Jean Michel Jarre Electronica Vol. 2: Music Review

Jean Michel Jarre seems to be a man on a mission. Since releasing his collaborative album Electronica Vol.1 last year he has been around the world touring, finishing off Electronica Vol.2 and also recording his follow up to the legendary Oxygene with Oxygene 3 coming in just a couple of days time (I'll be reviewing it here).

I've spoken about Electronica Vol.1 before and how there were a few great tunes which I really liked, some that were okay and a couple that I skipped as I didn't like them and this is pretty much in the same vein. The album starts off brilliantly with the atmospheric orchetral The Heart of Noise Part 1 getting you into the ambient mood, then the follow up track The Heart of Noise Part 2 gets more aggressively dance-y and adds a bit more oomph with some heavy base beats and sinuous saxophone weaving its magic through the track. 

Brick England is a track created in collaboration with the Pet Shop Boys and their signature sound comes through more than Jarre's but the combination works well and is pure early 90's electro-synth pop bliss.

As One is an effective track with hints of Ethnicolour vol.1 from Zoolook initially but then the bleeps and bloops come in and the backing chorus from Primal Screams Come Together comes in, which itself borrows the chorus from Kaasua Komisaario Peppone by Popeda. The song is good but does sound more like a remix than a collaboration between Jarre and Bobby Gillespie et al.

Here For You features Gary Numan and is quintessentially Numan, his voice suits the electronic sound well but there are not many of Jarre's signature arpeggios in this piece.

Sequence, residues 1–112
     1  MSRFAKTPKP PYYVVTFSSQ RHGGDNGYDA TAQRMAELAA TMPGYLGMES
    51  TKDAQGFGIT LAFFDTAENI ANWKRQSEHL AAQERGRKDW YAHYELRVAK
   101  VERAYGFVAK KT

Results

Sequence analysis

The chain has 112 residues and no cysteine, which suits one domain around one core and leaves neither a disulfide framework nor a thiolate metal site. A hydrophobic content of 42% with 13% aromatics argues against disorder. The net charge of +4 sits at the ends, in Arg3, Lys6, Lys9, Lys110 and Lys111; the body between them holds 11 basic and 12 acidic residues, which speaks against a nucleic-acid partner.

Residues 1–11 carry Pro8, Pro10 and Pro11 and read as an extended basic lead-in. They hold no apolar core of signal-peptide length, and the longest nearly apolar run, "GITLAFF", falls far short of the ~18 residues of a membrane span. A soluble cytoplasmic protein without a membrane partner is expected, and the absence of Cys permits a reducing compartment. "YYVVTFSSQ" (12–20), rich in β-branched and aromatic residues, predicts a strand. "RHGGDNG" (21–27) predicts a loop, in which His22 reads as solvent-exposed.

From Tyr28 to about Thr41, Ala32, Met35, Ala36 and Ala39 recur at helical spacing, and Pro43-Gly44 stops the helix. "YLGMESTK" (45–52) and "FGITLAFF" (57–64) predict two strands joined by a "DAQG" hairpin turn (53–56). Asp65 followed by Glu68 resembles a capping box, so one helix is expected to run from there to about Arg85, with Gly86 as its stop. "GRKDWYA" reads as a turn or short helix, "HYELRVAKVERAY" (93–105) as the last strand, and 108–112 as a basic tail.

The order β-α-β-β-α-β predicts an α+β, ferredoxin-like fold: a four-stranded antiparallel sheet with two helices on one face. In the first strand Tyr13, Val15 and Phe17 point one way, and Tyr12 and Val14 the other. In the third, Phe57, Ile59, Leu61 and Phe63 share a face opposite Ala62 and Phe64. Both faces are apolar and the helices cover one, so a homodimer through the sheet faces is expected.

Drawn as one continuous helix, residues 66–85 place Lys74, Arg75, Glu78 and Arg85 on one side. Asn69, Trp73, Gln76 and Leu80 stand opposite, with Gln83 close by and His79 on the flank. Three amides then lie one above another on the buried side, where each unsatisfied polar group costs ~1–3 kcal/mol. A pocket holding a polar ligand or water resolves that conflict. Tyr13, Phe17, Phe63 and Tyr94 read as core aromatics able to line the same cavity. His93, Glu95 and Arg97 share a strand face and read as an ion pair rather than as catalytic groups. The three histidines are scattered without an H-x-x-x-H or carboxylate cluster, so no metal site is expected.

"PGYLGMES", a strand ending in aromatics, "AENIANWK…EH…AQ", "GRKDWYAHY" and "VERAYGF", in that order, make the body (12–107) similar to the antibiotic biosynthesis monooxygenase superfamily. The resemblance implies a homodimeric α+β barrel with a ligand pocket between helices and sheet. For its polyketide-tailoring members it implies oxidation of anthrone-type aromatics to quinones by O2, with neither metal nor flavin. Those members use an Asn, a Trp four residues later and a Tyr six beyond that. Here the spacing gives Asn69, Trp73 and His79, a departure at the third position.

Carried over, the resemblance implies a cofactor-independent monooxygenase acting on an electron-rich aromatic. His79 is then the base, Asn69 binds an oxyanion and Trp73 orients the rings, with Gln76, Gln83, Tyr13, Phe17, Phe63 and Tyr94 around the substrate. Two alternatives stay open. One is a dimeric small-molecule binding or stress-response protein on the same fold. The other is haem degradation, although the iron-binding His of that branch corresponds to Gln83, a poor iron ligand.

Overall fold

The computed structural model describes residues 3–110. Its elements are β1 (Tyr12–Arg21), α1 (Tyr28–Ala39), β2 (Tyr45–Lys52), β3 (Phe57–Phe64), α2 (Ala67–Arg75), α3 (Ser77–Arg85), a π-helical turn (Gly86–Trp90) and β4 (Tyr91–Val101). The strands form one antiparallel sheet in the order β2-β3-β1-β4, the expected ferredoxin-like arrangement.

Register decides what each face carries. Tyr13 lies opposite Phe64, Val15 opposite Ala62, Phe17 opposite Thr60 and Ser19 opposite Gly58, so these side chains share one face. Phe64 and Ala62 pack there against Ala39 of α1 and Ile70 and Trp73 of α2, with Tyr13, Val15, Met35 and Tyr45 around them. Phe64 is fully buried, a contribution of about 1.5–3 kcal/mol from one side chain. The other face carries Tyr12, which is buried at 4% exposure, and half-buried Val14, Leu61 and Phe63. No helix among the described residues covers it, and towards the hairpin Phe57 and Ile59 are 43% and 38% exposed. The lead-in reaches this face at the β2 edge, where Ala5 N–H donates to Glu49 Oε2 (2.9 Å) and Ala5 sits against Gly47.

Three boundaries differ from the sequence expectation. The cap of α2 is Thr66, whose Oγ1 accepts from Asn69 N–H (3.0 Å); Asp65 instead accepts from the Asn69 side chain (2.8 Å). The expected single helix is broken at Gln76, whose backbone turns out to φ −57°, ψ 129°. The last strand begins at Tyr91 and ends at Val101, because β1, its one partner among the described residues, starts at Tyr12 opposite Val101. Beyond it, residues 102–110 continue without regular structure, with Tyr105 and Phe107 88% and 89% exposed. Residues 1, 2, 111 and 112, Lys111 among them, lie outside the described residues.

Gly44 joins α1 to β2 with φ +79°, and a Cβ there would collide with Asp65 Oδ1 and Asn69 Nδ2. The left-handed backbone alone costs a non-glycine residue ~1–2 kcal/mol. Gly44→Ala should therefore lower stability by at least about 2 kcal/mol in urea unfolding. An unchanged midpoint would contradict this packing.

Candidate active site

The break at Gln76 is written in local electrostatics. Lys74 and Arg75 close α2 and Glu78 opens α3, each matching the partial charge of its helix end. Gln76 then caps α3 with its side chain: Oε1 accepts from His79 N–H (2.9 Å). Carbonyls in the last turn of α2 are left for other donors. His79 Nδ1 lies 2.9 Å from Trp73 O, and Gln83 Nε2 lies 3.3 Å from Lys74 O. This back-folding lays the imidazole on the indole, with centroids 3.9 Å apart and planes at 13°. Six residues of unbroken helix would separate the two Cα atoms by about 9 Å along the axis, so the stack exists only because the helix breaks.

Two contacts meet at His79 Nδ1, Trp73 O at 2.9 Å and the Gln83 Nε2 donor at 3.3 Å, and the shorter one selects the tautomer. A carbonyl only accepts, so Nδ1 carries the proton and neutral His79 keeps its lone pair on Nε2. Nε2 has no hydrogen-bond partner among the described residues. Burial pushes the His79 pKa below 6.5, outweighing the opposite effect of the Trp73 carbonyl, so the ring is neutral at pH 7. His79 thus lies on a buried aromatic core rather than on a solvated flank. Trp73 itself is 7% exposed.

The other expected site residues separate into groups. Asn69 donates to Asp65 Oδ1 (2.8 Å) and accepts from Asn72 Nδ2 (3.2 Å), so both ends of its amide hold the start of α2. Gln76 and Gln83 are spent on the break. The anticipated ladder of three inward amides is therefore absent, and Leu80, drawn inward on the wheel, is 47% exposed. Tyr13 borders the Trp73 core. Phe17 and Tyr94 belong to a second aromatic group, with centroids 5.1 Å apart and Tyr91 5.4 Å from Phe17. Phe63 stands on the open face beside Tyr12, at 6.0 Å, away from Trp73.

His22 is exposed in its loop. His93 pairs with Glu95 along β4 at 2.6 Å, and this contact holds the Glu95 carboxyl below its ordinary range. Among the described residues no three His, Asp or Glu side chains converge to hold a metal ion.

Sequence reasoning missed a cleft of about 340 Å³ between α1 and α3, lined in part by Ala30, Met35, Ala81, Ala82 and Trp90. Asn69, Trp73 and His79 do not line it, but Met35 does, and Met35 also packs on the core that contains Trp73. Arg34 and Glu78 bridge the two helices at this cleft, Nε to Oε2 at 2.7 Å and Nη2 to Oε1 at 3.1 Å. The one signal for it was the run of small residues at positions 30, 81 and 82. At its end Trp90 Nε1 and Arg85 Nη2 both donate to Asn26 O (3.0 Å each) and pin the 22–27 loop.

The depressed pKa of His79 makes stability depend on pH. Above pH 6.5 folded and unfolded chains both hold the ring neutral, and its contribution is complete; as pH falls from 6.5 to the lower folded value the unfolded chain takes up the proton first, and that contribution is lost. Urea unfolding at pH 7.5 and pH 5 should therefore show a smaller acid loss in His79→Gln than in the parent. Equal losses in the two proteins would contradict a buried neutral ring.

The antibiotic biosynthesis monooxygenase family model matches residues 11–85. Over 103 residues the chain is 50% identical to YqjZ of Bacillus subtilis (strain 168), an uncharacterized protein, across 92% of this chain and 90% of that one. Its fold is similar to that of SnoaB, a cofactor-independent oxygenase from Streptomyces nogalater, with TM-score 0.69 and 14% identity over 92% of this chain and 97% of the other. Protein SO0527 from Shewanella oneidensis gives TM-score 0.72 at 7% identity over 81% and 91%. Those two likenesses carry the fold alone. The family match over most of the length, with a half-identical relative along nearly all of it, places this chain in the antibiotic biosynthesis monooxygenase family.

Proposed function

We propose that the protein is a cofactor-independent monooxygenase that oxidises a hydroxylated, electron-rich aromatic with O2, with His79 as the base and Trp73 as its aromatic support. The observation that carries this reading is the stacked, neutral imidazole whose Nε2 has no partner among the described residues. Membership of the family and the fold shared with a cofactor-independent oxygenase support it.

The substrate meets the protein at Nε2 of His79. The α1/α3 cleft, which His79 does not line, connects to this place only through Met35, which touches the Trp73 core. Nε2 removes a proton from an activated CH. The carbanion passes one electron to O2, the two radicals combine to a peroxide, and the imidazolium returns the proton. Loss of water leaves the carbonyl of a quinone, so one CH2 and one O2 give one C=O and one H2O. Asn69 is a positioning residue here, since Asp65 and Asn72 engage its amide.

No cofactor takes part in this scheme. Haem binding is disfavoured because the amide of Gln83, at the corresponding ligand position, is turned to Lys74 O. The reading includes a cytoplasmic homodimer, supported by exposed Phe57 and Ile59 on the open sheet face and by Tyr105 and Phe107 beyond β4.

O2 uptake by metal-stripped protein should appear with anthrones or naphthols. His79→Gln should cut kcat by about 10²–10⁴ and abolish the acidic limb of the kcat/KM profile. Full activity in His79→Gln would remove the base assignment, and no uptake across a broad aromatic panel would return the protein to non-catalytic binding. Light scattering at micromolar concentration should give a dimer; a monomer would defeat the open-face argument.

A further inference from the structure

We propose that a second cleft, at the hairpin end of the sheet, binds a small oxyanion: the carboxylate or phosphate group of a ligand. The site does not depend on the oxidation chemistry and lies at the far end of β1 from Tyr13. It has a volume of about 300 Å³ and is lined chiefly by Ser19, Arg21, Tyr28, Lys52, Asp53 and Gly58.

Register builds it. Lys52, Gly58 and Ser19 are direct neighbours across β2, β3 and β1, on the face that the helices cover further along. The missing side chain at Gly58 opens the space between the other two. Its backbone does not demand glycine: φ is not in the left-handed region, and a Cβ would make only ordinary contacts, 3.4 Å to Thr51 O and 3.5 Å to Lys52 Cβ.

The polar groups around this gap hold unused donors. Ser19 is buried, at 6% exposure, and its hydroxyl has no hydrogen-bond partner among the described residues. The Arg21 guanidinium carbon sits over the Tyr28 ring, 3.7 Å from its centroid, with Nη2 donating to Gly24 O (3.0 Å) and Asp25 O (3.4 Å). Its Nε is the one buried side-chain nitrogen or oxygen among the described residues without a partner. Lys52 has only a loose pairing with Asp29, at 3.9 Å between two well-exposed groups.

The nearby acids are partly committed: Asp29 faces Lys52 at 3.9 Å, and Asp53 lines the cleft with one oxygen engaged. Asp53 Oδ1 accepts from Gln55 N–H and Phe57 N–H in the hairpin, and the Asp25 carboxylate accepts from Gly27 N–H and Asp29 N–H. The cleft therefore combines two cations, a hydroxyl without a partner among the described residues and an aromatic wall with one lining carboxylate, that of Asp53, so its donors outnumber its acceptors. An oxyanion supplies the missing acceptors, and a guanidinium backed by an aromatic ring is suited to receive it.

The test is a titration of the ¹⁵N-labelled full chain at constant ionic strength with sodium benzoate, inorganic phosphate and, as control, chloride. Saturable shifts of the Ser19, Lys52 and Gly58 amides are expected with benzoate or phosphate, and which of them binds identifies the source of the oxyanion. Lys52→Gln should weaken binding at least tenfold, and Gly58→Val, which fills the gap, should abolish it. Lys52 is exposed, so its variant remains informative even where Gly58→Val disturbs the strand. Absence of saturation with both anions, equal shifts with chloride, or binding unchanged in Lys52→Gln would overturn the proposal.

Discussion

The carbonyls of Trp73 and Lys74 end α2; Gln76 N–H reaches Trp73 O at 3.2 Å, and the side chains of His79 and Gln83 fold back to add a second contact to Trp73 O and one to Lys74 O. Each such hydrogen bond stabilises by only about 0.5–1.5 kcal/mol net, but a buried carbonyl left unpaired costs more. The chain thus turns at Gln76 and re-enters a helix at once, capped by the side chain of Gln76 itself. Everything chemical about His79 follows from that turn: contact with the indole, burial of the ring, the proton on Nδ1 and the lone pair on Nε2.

Hans Zimmer working with Jarre seems like a match made in heaven and indeed listening to the track it is. Jarre has some signature Oxygene whooshes which blend in with Zimmer's sweeping epic score. It all adds to a dramatic electronic operatic piece which you could imagine being part of a score to a sci-fi film.  

Circus, a piece created with Siriusmo, sounds very offbeat 90's electro and is reminiscent of Daft Punk, whilst Swipe to the Right, featuring the irrepressible Cyndi Lauper is definitely a nostalgic hit of late 80s fun infectious pop with wonderful Lauper's distinctive vocals sweeping over the top. Her raspy sound complements Jarre's instrumentation wonderfully and the chorus is catchy as heck!

Overall Electronica Vol. 2 is a triumph, a more consistent album than the first. I found the tracks flowed better with the exception of the Primal Scream, Peaches and Christophe tracks which I felt were a bit awkward in the whole album. They aren't bad songs per se but they didn't suit my auditory palette. However I like the fact that Jarre has put himself out there and worked with such a disparate range of artists. For Jarre purists who are looking for the next Oxygene this is not the album you are looking for but for those willing to trust in Jarre and follow him on a musical odyssey there is much to like and savour.